Top positive review
12 people found this helpful
Looking for Alibrandi
on April 4, 2003
For as long as she can remember, seventeen year old Josephine Alibrandi has believed her life to be anything but fortunate. Born to a single impecunious mother from a strong Italian background, Josie has never met her father and doesn't fit in at her elitist Sydney Catholic school on account of her scholarship and inability to conform. She also refuses to embrace any part of her heritage, including her grandmother. However, to make her existence even more of a nightmare, she is constantly reminded of these factors by arch- nemesis "Poison Ivy." Not only is Ivy her superior as school captain, but she is also after the charming, white-collar, extremely wealthy, John Barton. The very same man Josie believes she is destined to be with.
Just when Josie thinks her life couldn't possibly become anymore convoluted, she is finding herself more and more attracted to blue-collar bad boy Jacob Coote. And what does her fathers reappearance after a seventeen year absence mean for her? Not to mention having to bear the burden of a thirty five year old secret, her Nona's been keeping, after mistakenly stumbling across it. Will this new information threaten to make her feel more estranged from both her family and heritage than she already does, or will it bring her closer to them. And will she be strong enough to cope when tragedy strikes so close to home? That is all of course without even contemplating the stresses of her upcoming HSC.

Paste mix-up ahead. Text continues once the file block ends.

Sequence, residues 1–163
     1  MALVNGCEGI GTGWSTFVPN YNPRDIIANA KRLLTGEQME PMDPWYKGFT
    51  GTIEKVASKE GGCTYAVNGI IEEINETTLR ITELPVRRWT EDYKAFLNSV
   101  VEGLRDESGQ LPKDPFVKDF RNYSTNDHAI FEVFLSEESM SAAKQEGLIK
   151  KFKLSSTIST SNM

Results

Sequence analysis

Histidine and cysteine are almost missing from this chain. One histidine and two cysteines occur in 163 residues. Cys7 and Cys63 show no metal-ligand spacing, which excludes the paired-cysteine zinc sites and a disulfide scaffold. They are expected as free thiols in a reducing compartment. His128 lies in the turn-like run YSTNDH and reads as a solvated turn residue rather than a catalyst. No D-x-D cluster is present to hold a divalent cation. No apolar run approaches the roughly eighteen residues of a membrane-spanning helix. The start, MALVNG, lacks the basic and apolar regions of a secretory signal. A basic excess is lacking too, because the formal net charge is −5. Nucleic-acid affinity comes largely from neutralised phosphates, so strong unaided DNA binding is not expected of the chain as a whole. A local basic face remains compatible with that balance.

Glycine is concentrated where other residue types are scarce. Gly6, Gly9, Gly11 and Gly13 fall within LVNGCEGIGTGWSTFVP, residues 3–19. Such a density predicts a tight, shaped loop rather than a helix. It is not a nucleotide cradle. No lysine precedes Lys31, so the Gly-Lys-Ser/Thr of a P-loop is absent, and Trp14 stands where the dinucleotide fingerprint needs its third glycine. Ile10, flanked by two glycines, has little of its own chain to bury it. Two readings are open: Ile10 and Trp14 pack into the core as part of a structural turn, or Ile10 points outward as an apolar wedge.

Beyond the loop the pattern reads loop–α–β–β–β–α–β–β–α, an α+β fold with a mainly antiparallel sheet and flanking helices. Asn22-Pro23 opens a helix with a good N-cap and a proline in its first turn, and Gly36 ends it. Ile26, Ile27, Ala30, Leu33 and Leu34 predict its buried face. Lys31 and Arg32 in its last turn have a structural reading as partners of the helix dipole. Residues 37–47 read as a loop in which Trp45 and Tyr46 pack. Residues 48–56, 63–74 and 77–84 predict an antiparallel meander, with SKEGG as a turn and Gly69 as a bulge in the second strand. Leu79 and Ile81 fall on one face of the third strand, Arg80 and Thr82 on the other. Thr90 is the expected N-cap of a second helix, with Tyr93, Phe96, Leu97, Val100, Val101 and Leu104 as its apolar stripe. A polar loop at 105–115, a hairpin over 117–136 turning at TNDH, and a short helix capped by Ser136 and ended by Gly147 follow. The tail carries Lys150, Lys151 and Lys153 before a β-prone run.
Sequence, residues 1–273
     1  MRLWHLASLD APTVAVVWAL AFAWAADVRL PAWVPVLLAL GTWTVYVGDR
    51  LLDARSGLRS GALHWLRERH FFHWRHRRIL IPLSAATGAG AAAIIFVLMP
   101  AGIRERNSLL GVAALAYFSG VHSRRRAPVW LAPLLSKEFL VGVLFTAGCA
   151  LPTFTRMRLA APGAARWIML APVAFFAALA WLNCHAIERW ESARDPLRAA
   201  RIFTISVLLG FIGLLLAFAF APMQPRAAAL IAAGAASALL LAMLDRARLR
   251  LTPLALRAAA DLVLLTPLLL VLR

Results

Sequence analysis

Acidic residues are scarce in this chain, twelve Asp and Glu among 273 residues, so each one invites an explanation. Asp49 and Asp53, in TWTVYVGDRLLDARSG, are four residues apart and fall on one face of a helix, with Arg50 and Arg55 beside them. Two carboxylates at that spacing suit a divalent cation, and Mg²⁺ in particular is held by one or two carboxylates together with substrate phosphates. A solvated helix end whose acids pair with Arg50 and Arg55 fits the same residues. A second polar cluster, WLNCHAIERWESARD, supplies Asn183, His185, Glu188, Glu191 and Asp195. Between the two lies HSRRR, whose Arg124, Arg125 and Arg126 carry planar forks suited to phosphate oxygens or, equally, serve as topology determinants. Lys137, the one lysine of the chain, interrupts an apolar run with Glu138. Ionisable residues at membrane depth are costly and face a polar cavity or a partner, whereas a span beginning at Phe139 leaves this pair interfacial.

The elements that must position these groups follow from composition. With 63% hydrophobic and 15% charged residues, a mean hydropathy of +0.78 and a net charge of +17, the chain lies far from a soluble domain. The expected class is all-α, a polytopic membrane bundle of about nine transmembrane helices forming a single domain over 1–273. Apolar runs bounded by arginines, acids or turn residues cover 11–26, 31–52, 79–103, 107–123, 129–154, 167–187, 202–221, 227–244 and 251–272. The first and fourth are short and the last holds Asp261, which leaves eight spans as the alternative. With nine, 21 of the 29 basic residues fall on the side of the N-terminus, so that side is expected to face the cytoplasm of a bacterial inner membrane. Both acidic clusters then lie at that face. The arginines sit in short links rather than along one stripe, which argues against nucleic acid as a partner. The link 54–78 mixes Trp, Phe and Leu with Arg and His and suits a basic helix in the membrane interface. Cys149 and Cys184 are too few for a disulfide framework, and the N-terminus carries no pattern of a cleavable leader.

Set in Australia in the 1990's, this book is a turbulent ride of self-discovery, which deals with themes deemed extremely topical in today's modern teenage society. Not only does Marchetta build realism through creating strength within her characters, she further authenticates them by making their struggles identifiable to a majority of teenagers. She does this by using interrelated themes, such as identity, culture, illegitimacy, sex, single parent families and elitism, to name a few, which ultimately transcend culture. The end product of which, is a novel relevant to teenagers all around the world.
Melina Marchetta's main protagonist Josie, can only be described as awe inspiring, covering new territory that was not seen previously in Australian literature. I love this book for it's rare and honest view of the struggles teenagers face in today's modern world. Josie's complexities as a character, implore the reader to keep going so as to see how she handles each of the perplexing situations which befall her. There is also an enjoyably mix of the dramatic and comedic. This type of honest, identifiable and offbeat, teenage subject matter is to an extent what can be seen as Marchetta's trademark. When also considering the content of her newly released, second novel Saving Francesca, which focuses on a young teenaged girl who finds it hard to cope with the pressures of study, family, friendship and the male school environment, when starting at a newly converted co-ed Sydney private school. "Looking for Alibrandi" is definitely worth reading and has in my experience captured readers of all ages and genders.